2. I should have added to the article that I was the Diversity and Inclusion Manager at HR for two years. During my time there and many times I brought this clearly biased and illogical affirmative action policy to the attention of two DMs, Sheila Bassi Kellet and Bronwyn Watters, three Ministers, Robert C. McLeod, Tom Beaulieu, and Glen Abernethy. Not one of those senior managers stepped up to change a clearly racist system meant to increase the pay level and positions of only one group of people.
    The GNWT will continue to fall behind in its public service because the people they put in senior positions at HR don’t have the education to push the public service forward. The most senior employee of HR in the GNWT has a diploma in make up but she’s a P2 and while the GNWT says that there aren’t enough educated Indigenous people to fill positions, they are filling those same positions with P2s who have zero education applicable to the positions they are filling.
    I call on the Minister of Finance and Premier Cochrane to do something about this ridiculous affirmative action policy.

  3. What is an “indigenous non-aboriginal”? Honest question. It gets more and more confusing every day.

    Dividing people up into special interest groups by race is never a great idea, and as we can see, it doesn’t even benefit the people it is supposed to and becomes a lose-lose proposition.

  4. To Arlene Hache:
    Thanks for the examples – much appreciated. If this is truly happening ( and I don’t doubt what you have stated), then it is wrong. I suspect there are many other examples where southern woman (of any colour) are hired over a northern person. In the hiring process, how does the government get around the P1, P2 and P3 classification in these hires? I agree with the author that affirmative action should be scraped.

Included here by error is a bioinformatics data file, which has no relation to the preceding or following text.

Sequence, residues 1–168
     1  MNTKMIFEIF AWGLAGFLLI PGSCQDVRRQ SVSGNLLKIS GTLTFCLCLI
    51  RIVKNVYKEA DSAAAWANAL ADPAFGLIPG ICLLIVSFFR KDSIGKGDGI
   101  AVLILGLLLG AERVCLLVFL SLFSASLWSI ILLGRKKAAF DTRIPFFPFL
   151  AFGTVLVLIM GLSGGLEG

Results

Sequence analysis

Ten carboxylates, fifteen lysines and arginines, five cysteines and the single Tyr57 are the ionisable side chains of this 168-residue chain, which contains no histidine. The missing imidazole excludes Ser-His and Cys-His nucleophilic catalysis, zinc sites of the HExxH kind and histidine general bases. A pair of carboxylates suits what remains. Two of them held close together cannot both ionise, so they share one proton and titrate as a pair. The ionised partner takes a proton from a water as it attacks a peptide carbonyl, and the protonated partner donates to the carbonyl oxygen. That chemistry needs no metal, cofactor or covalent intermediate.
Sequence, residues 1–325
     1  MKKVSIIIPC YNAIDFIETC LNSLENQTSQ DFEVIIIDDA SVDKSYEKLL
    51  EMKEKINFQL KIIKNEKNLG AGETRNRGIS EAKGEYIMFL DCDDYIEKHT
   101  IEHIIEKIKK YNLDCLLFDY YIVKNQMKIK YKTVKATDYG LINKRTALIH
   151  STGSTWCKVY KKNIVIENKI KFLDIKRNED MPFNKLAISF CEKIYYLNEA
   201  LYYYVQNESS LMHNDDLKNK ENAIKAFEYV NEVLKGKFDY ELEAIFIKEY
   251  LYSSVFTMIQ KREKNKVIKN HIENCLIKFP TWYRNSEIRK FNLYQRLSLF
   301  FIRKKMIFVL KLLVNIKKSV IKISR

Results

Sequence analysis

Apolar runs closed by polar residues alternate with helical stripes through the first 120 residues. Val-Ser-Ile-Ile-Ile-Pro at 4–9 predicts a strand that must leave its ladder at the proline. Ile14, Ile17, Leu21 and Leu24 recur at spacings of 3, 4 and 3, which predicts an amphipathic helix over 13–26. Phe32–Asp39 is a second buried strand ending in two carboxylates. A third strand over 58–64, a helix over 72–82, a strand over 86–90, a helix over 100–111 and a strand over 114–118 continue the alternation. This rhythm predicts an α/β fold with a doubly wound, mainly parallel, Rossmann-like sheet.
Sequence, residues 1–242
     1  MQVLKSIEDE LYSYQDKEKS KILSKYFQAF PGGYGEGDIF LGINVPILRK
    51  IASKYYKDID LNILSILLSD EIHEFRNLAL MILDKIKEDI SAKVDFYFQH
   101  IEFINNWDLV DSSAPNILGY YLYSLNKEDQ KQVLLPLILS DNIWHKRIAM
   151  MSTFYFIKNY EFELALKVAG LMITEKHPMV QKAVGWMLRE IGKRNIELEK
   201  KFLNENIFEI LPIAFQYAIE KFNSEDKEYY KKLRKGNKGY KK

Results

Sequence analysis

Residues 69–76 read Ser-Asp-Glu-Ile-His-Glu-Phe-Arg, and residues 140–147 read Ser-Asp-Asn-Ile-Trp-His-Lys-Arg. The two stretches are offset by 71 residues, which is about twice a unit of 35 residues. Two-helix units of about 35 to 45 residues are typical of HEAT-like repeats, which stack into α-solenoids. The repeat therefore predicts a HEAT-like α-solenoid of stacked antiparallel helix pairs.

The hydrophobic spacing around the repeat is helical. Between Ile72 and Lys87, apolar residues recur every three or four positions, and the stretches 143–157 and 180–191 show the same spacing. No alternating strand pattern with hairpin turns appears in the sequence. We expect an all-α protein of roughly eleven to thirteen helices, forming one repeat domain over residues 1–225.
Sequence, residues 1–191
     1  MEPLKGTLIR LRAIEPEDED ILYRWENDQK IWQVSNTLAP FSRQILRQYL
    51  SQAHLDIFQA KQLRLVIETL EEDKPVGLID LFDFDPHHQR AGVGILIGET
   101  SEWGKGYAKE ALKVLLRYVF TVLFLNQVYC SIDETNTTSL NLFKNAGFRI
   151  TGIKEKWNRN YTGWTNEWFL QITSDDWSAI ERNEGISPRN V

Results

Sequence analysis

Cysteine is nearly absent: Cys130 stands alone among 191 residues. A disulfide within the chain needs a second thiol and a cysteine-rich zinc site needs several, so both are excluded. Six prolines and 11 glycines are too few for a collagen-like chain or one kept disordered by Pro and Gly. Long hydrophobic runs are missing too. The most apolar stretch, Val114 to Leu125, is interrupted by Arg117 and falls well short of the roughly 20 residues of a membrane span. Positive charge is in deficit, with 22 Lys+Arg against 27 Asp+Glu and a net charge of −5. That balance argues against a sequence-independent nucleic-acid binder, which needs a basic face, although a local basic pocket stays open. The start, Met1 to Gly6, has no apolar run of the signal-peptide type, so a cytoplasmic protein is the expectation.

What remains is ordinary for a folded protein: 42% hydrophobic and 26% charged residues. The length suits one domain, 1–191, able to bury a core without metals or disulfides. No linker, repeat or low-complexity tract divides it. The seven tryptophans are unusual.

5. A Northern Indigenous woman appealed a decision by the GNWT to hire a Southerner man who hadn’t been in the North more than two years. His interview revealed he didn’t even know there was a difference between First Nations, Inuit and Metis. Both people had exactly the same education and training qualifications, but he was white and had made inroads into the old boys club. In spite of the facts, and MLA intervention, bureaucrats dug their heels in claiming her resume was poorly written. They smugly offered to help her re-write it for the “next” job.

    Not that long ago, two other young, Indigenous women with degrees were refused employment in the GNWT or were kept in casual positions so they could never rely on whether or not their jobs were secure.

  6. We all cross our fingers when applying for GNWT jobs. I find that affirmative action is a form of racism. There are many experienced and educated males that are not considered or don’t apply. Would like to see the stats on how many “experienced and educated” Indigenous people apply for jobs and don’t get them.

  7. Well said Brenda, thanks for writing this positive and factual article, here in the Yukon, the hr advisors, screen out the indigenous and then YG posts that they are going to give preferential hiring to Indigenous, which never happens, the hr staff and most of YG is so prejudiced and it’s been condoned for so long, it’s the “norm” now, and no one wants to say anything because they fear for their jobs, the union, respectful workplace and human Rights do t and can’t do anything about it, I’ve been blacklisted on YG job applications, they’ll call back 4-5 times to “dig up dirt” so they have an excuse not to hire me,